Wednesday, November 21, 2018

Fascinating guidelines for manners of well educated people

Because of Jim Acosta, there will need to be specific, written guidelines for behavior of journalists. He can only lose his press pass if he violates written rules, not common decency rules everyone understands.  In the past, there was an unwritten, decency code which journalists recognized in order to be welcomed at the White House (or anyone’s house).  Many groups on Facebook or online content services now have guidelines on how to post comments or content.  This one is from PLOS, a science publication website. Imagine having to tell well educated people not to plagiarize or defame each other.  Or not to yell opinions at the president or refuse to shut up.
  • Don’t plagiarize.
  • Don’t defame others.
  • Don’t name-call, attack, threaten, or use profanity.
  • Don’t use posts to promote products or services.
  • Limit the number of links in your comment to three or fewer.
  • Don’t use third-party content without permission.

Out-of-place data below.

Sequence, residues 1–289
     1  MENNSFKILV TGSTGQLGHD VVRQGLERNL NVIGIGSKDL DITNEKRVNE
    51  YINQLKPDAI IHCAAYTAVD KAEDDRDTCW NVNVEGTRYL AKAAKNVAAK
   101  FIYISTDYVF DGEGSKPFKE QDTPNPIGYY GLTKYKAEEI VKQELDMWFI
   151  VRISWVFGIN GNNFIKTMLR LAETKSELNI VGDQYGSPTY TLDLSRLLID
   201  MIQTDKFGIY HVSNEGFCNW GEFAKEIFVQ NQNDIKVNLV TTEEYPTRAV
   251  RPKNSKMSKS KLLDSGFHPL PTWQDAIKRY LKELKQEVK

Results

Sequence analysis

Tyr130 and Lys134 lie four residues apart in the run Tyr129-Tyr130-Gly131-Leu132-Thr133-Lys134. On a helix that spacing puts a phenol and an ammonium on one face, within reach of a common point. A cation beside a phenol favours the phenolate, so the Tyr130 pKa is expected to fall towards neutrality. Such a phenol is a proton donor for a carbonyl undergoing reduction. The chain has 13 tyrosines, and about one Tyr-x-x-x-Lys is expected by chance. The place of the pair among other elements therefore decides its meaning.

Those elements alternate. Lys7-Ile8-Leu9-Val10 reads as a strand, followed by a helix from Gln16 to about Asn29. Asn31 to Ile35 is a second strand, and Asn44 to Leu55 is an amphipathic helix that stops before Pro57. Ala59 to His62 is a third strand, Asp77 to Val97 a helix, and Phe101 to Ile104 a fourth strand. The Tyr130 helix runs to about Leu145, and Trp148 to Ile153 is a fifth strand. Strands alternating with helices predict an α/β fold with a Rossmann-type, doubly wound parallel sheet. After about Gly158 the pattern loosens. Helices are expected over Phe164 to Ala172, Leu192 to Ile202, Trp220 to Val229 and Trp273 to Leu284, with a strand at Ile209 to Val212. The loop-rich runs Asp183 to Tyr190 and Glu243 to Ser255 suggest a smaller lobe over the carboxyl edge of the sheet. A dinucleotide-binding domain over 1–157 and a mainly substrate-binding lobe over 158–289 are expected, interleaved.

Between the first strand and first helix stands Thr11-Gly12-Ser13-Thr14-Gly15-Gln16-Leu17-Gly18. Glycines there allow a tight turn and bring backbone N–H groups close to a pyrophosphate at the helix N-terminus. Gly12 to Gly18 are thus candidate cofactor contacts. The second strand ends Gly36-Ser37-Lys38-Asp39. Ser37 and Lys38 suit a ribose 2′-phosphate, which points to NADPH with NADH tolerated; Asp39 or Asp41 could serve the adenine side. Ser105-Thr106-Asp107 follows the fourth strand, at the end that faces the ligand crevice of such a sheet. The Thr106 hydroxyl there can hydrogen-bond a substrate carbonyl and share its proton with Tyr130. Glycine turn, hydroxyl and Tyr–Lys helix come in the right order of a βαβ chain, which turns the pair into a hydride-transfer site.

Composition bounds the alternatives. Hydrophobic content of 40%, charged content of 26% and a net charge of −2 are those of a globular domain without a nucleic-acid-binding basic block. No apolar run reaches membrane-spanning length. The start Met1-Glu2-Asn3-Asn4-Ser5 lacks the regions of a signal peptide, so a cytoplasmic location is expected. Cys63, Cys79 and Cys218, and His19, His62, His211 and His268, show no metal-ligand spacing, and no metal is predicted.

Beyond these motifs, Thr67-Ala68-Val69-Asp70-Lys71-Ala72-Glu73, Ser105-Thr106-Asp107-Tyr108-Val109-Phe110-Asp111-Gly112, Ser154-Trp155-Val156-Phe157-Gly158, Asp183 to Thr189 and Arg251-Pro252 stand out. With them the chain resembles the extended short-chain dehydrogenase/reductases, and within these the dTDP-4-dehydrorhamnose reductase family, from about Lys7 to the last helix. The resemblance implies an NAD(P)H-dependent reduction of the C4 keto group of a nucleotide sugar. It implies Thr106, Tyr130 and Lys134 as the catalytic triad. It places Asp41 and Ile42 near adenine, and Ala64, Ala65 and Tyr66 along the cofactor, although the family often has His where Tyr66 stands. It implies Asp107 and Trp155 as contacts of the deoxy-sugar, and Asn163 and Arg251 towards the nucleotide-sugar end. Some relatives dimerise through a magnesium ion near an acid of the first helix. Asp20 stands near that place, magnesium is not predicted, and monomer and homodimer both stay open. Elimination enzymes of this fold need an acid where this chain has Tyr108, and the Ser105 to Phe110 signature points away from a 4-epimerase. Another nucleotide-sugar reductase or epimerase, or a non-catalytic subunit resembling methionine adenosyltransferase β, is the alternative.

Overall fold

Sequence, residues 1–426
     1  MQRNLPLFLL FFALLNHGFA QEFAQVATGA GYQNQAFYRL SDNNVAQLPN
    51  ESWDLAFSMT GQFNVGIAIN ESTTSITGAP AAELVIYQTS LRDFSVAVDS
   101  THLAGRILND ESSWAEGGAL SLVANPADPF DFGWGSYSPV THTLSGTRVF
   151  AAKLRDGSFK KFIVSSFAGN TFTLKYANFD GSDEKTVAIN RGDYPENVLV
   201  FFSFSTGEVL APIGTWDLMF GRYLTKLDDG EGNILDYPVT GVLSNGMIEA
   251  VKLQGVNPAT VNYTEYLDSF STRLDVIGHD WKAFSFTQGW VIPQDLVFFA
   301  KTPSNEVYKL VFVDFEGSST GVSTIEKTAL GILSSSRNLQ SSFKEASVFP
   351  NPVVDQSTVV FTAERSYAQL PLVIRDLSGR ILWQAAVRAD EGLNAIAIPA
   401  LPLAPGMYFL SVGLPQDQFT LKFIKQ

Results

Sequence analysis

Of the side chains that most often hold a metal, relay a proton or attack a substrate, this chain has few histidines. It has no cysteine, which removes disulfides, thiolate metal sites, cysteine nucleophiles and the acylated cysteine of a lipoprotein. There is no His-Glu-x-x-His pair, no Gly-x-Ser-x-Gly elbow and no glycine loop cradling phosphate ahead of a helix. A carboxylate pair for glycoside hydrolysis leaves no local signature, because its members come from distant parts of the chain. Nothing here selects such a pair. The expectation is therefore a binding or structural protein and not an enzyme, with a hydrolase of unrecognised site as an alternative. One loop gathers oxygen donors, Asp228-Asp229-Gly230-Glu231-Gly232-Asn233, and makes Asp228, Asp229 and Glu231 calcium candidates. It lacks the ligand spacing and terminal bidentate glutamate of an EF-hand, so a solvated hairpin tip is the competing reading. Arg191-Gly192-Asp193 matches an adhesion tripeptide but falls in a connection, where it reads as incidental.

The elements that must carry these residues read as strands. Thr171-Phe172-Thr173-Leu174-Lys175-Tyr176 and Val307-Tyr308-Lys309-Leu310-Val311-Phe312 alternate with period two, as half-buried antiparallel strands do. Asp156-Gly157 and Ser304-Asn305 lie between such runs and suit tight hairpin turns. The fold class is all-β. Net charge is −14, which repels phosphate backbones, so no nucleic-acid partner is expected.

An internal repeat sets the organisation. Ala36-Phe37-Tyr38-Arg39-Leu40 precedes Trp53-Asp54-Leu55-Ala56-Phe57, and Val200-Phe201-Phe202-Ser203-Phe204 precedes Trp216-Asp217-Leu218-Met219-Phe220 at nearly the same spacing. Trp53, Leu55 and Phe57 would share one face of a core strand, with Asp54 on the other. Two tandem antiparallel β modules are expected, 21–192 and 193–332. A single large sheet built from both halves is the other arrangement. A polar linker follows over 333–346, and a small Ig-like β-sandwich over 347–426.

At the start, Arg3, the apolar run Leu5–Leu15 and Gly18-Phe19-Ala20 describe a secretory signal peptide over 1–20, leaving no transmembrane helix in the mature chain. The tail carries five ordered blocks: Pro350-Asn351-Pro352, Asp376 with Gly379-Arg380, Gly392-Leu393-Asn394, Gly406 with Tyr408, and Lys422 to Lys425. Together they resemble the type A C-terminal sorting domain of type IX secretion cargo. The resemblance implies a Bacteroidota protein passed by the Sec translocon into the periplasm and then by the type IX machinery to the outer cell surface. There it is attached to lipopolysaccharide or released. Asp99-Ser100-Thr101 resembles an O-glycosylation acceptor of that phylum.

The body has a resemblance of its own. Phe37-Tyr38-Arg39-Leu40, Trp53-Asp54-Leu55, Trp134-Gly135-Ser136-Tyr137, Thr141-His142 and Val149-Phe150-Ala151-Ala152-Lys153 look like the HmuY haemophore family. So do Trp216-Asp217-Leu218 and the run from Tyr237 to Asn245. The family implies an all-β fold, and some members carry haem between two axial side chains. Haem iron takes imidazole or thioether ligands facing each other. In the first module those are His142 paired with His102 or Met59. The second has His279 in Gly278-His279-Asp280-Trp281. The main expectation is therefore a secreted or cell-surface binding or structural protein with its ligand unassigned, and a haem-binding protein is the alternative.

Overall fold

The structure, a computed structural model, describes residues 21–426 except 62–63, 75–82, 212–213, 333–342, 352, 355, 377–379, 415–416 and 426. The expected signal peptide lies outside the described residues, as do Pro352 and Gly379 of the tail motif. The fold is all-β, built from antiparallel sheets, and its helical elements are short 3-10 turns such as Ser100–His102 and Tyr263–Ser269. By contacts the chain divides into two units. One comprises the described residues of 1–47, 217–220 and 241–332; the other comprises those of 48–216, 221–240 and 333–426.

• If you have permission to use third-party content, give proper attribution.
  • Arguments based on belief are to be avoided. For example the assertion, “I don’t believe the results of Study X” must be supported.
  • The content of comments should be confined to the demonstrable content of the specific blog post and should avoid speculation about the motivations or prejudices of its author.
  • In its moderation of comments, PLOS BLOGS reserves the right to reject, at our discretion, any comment that is insufficiently supported by scientific evidence, is not constructive, or is not relevant to the original blog post.
  • PLOS BLOGS reserves the right to remove any content that violates any of these guidelines, to block repeat and/or egregious violators from posting, and to suspend accounts as we deem necessary.
  • PLOS Blogs is the final arbiter of the suitability of content for inclusion on its PLOS BLOGS Network.
Wouldn’t most of these seem like common sense, the basic rules of courtesy we should have learned in school or at home.  It’s the adult equivalent of playing in the sandbox with classmates in kindergarten.  This list came from the PLOS blog guidelines.

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